- Posted January 11, 2013 by
This iReport is part of an assignment:
President Obama Should Hire Newt
In the wake of the latest national cliff hanger, our shared relief is tinged with a good amount of exasperation. We have again been caught in the crossfire of politics and endured yet another close call with impending disaster, or so we have been told.
Either way, the dysfunction of our governing process, characterized by sometimes rabid and destructive partisanship, should serve to unite all of us in at least one belief: we can’t go on like this. Whether the political class can ever respond to this bipartisan sentiment is an unknown, but it is up to President Obama to lead us toward some version of a functioning government.
How to do this? Radical change is called for, and it must begin with the elevation of pragmatism over politics. Bringing a moderate Republican like Chuck Hagel into the inner circle is a start, but Obama should push the limits further. He should assemble a modern-day team of rivals that challenges all conventional wisdom and diffuses the partisanship that has poisoned Washington.
He should hire Newt Gingrich
Before my fellow liberals disown me, let us first remind ourselves that we on the Left like to claim the moral high ground because we believe in placing the collective good of the country ahead of our own self-interests. Pragmatism takes precedence over partisanship, and with that in mind, we have an obligation to consider whatever options are available to shatter the most formidable obstacle to national progress: government inertia.
To put it mildly, I am one of many who have been viscerally displeased with the actions and beliefs of Speaker Gingrich through the decades, but that is now irrelevant. We are, after all, a nation of diverse perspectives and one in which no party has a monopoly on moral behavior. The pragmatic and realistic approach dictates that we put the best minds to work on the biggest problems. As a world-class wonk, Gingrich is poised to serve his country like never before, both in the public eye and behind the scenes.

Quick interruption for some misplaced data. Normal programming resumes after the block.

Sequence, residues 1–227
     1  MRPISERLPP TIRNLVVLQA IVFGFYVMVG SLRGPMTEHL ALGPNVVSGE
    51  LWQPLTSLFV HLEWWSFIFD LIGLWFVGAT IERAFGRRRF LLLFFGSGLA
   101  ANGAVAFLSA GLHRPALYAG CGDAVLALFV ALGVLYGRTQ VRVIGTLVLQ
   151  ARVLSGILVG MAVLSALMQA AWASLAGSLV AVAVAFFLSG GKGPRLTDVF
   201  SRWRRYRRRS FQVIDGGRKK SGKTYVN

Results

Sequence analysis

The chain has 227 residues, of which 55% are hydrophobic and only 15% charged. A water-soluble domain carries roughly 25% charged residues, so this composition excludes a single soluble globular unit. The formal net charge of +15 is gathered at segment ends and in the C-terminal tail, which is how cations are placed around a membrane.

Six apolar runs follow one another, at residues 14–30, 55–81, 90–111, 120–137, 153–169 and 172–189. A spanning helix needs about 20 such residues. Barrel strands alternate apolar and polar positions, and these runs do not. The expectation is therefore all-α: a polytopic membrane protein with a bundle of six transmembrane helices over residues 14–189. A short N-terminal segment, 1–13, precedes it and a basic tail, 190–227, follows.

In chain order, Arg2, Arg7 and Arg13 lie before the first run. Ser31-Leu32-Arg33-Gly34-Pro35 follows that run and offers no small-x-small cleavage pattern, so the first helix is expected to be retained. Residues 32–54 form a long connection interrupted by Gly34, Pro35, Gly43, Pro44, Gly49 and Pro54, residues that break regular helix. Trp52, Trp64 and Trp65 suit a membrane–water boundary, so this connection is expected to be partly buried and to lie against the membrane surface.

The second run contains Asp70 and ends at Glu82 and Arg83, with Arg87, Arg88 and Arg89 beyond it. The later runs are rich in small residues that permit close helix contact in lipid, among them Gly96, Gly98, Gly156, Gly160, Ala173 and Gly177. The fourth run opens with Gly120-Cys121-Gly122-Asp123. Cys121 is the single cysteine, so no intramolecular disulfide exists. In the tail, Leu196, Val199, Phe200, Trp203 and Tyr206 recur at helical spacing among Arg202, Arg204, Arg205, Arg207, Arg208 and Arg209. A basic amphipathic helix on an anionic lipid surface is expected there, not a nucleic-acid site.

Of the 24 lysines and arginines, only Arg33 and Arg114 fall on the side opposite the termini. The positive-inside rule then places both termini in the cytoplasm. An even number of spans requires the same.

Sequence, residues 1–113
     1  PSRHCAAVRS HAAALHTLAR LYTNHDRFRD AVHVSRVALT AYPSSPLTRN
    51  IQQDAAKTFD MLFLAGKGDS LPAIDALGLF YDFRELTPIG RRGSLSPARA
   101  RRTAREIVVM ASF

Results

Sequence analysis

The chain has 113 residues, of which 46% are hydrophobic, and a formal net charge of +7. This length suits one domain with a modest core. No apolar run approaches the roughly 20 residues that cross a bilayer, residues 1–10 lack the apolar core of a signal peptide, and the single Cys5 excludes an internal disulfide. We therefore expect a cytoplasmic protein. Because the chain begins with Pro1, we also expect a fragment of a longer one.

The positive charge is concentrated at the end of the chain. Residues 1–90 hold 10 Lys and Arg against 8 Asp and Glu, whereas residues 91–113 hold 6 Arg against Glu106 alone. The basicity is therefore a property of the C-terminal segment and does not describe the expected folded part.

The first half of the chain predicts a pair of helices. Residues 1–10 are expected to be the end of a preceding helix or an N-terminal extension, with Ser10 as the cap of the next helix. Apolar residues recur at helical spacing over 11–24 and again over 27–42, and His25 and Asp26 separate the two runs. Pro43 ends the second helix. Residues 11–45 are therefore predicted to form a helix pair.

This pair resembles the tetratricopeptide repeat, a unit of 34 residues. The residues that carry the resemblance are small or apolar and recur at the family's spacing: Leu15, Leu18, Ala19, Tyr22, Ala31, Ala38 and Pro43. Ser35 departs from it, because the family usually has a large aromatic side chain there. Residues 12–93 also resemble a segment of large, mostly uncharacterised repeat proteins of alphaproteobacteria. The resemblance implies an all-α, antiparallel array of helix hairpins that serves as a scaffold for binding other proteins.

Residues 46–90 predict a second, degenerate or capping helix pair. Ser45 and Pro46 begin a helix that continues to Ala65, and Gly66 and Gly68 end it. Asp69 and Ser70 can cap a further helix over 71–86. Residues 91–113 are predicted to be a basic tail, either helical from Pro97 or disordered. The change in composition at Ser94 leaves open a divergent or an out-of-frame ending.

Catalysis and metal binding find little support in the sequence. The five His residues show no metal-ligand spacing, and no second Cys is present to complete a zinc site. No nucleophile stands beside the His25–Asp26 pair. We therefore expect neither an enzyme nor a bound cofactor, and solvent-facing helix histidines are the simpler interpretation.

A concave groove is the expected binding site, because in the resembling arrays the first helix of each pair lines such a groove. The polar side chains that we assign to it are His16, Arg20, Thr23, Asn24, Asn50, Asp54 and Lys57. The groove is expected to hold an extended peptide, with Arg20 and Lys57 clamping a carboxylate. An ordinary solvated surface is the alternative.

As a special advisor to the President, Newt Gingrich could resume the work he began through his Center for Health Transformation by overseeing the nationwide standardization and migration of health records to digital formats. His network of public-private relationships is formidable and his vision for the future of health care on several fronts is worth serious consideration by all sides. With no political battles to wage, he can return to the policies that he has advocated in the past - those of developing comparative effectiveness research and implementing the health care mandate – approaches that are well-aligned with the current administration.
Perhaps more important are the behind-the-scenes benefits of a Gingrich-Obama collaboration. Many of us recall the days of mutual respect across party lines, whether it be between Tip O’Neill and Ronald Reagan, or, to a lesser degree, Bill Clinton and Speaker Gingrich. In both cases, progress was made, compromise was reached, and legislation passed. Government, whether you liked it or not, worked, and the relatively collegial tone between sometimes bitter political rivals was one of the things that made our country great and powerful. Somehow, that statesmanship must be restored, and although the irony of it is historic, Newt Gingrich, with the direct personal experience of an opposition Speaker, may be just the person to help wind down the dynamic that elevated him to national prominence.
We also can’t underestimate the symbolism and example that will be set by such a dramatic breach of partisan barriers. President Obama would be laying claim to the moderate middle and establishing the groundwork to build alliances with other Republicans, many of whom are silently fed up with toeing an orthodox party line that has no tolerance for compromise.
For the Speaker, the inevitable price of serving his country by going to the “other side” would mean banishment from the Tea Party and other right wing orthodoxy. But the truth is, when it comes to our universal dissatisfaction with the workings of our government, there is no “other side”. At least on this issue, we are all on the same side, and this is exactly the type of bold move – one that is both pragmatic and symbolic - that can shift the conversation and begin the restoration of a functioning, competent government.